Local Time: The Ups and Downs of Running a Small-Town Museum
As a historian of medieval cartography, I thought the last thing I would ever do was get involved with the local museum in my town, Scottsville, Virginia. Many small towns have one: a museum of local history founded by patriotic citizens and run on a shoestring by a legion of unpaid volunteers. Having studiously avoided American history in college and graduate school, I knew myself to be supremely unqualified. But my neighbors felt differently. Often I've heard, "You're a history teacher; why don't you join the museum board?" Or, even more confounding, "Why don't you join the United Daughters of the Confederacy?" Finally, on retirement, I had run out of excuses. So a few years ago I found myself president of the board of trustees of the Scottsville Museum.
Scottsville, a town on the James River founded in 1744, started its museum in 1969 in a Disciples of Christ church (1846) whose congregation had melted away. It is a beautiful building, located on a steep hillside with several flights of brick steps leading up to it. But since it is a listed building, it has proved impossible to retrofit for people with disabilities. Other small towns have other historic buildings suitable for museums: the jail (no longer in use), the school (long since consolidated into a larger one), or a historic house (willed to the town by its owner). These are wonderful artifacts in themselves but come with a burden of expenses for repair and modernization (air conditioning, electric outlets, plumbing, wireless).
Our museum, while a great source for local history, has a few problems. I won't go into the joys of fundraising, the roof repairs, the search for grants, the management of wonderful but sometimes unreliable volunteers. I will instead focus on three issues: objects, objectivity, and small museums as resources for historians.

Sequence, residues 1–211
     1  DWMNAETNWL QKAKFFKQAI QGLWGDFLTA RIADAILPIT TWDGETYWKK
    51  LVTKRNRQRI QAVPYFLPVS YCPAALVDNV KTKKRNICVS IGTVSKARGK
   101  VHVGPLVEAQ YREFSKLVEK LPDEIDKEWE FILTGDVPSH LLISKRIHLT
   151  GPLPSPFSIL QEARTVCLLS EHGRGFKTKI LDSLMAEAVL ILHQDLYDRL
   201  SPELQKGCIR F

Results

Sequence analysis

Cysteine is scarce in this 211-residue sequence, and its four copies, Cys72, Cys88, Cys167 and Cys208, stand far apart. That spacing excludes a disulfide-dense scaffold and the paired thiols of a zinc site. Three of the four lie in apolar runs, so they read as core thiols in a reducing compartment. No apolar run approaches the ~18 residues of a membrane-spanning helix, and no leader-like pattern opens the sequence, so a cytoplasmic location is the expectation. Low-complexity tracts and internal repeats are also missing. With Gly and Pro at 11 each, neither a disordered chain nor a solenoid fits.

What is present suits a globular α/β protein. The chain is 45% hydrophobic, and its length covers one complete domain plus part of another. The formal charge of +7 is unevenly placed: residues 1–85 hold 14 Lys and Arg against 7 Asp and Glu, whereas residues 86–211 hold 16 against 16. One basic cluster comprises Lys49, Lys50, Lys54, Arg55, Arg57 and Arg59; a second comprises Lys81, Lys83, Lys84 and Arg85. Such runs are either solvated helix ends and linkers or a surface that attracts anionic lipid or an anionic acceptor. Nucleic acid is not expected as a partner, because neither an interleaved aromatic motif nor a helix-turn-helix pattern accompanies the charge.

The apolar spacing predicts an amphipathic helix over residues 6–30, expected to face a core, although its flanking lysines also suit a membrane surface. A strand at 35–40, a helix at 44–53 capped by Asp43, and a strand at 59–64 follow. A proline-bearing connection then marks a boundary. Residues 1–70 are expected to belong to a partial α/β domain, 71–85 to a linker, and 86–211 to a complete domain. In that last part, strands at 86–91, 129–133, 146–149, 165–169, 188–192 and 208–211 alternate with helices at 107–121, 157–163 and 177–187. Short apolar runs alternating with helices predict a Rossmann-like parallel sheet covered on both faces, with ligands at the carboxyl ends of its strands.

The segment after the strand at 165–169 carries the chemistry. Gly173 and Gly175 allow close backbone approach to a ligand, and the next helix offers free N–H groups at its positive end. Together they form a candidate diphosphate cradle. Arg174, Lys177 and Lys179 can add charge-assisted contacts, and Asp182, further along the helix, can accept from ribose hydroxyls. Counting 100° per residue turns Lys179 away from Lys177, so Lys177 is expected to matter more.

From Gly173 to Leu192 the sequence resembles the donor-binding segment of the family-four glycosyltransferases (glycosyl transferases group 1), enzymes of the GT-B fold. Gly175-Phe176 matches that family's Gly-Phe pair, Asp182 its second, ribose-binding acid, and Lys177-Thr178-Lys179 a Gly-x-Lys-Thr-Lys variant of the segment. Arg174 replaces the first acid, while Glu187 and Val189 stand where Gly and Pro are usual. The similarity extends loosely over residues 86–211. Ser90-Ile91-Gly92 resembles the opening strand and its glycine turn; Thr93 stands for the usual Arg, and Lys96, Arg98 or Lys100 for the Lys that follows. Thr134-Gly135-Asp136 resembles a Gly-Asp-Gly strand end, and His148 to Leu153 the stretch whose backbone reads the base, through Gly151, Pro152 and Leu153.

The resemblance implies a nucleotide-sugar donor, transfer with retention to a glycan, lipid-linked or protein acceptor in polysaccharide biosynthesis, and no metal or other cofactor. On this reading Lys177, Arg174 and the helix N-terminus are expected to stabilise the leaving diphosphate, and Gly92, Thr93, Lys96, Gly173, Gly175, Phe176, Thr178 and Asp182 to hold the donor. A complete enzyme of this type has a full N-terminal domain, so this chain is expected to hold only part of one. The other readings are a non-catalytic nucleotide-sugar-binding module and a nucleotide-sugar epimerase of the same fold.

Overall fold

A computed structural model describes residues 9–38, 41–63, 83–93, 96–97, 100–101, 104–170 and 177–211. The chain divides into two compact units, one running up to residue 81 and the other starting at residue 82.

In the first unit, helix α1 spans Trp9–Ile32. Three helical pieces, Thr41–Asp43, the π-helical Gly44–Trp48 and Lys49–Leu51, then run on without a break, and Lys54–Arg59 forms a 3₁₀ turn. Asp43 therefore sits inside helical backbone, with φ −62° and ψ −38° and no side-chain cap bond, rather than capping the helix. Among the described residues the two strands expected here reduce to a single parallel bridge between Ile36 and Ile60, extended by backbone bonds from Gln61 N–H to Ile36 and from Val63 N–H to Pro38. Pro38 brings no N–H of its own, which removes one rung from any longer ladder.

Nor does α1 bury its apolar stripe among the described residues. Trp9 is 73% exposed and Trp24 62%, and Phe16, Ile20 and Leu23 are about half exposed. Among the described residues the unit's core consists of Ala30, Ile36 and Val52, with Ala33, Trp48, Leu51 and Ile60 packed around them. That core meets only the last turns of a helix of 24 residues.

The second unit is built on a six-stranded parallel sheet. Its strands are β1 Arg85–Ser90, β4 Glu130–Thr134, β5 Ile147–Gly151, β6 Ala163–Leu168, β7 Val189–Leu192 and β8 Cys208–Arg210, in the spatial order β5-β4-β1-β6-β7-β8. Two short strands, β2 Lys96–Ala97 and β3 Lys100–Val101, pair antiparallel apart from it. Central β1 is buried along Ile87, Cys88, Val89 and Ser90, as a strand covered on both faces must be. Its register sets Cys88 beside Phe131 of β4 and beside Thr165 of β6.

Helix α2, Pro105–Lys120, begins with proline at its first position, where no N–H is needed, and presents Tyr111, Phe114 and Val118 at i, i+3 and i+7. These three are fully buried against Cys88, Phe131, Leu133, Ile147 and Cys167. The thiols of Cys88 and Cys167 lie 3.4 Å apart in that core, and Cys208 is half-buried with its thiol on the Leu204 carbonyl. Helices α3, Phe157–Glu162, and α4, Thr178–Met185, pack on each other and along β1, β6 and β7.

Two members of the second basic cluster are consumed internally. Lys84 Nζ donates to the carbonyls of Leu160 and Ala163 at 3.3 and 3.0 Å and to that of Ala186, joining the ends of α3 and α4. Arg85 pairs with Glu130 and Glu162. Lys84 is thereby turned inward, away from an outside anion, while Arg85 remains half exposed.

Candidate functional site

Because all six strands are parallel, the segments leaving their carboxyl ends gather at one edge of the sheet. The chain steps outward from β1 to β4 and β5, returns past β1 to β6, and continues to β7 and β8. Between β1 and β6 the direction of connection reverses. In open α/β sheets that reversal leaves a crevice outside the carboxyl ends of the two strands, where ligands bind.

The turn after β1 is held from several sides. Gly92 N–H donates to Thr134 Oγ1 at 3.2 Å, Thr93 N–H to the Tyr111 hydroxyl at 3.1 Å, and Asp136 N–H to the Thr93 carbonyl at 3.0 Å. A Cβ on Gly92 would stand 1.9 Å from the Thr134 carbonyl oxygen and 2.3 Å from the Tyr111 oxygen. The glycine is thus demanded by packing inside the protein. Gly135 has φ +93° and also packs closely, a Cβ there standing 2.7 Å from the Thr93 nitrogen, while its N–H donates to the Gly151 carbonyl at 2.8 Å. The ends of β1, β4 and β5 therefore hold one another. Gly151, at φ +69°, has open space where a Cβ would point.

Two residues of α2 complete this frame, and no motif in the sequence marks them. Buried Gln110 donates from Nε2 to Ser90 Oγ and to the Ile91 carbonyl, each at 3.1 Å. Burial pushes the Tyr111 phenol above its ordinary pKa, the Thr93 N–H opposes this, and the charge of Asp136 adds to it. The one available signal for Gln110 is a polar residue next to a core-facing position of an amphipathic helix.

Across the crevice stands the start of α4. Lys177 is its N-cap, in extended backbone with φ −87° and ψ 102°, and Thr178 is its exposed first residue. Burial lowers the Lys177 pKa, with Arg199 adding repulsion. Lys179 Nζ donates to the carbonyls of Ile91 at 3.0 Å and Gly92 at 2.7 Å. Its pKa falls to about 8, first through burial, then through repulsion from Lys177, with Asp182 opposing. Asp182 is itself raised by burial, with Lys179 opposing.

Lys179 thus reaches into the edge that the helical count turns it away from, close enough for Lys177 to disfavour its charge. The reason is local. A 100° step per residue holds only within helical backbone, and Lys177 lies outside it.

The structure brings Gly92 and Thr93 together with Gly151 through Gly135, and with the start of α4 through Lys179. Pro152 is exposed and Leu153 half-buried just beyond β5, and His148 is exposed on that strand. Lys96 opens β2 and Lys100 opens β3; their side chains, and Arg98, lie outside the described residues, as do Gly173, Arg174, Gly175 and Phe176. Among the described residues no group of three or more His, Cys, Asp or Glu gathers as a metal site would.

Material objects, or stuff. Small-town museums are the targets of numerous bequests. We receive the contents of neighborhood basements and attics; at the Scottsville Museum, recent examples include a vase once belonging to Edith Bolling Wilson, a framed certificate presented to the winner of a high school essay contest (1935), a spy novel by a deceased resident, the post office window and boxes from a nearby defunct town, a butter mold, a chair made by a former slave, a paperweight made out of a World War I shell casing, and a button from Robert E. Lee's uniform turned into a bracelet. How to make a coherent exhibit out of all this? And how do we preserve and store it? And how do we catalog it so we know what we have and can find it again? We seldom purchase anything, though occasionally a devoted board member will buy something. Many of our exhibits consist of loans, the advantage of which is that they return to their owners when the exhibit closes.
Because our collection comes from residents, their sharp eyes watch what we do. Why isn't my great-grandmother's ostrich feather fan on display? Or, I've changed my mind—I want Great-Uncle George's Confederate flag back. We do sometimes turn things down—regretfully, a floor-length raccoon coat, which we knew we would never be able to store properly. And yet another World War II uniform.
No matter how informative the texts one mounts on the wall, people come to museums to see stuff. Letting schoolchildren pass a Native American spearhead from hand to hand is far more riveting than seeing it behind glass ("Wow! It's sharp!") and way more interesting than reading about it. So we definitely need our stuff, although it takes considerable ingenuity to manage it.
Objectivity. As historians, we are trained to deal with the facts as objectively as possible, trying not to inject our personal opinions or prejudices. While this is hard enough to do when studying the Middle Ages, it is much more challenging when the history is local. Our town has had its share of problems, including slavery, racial tensions, civic disputes, family feuds, adulterous relationships, even a few murders, embezzlement, and arson. There are many silences. When putting together an exhibit on World War II (Small Town/Big War), I found information about a local man serving in North Africa who had received a medal for heroically rescuing a comrade under fire. When I tried to include him in our show, I was told, "We don't talk about him. He met up with some German fräulein and never returned to his wife and children." Oops. At a board meeting, when we were discussing the history of race relations, one of our members exclaimed, "I don't want to hear anyone running down Scottsville! Our job is to promote our town." Is that it? The Smithsonian thinks it has problems!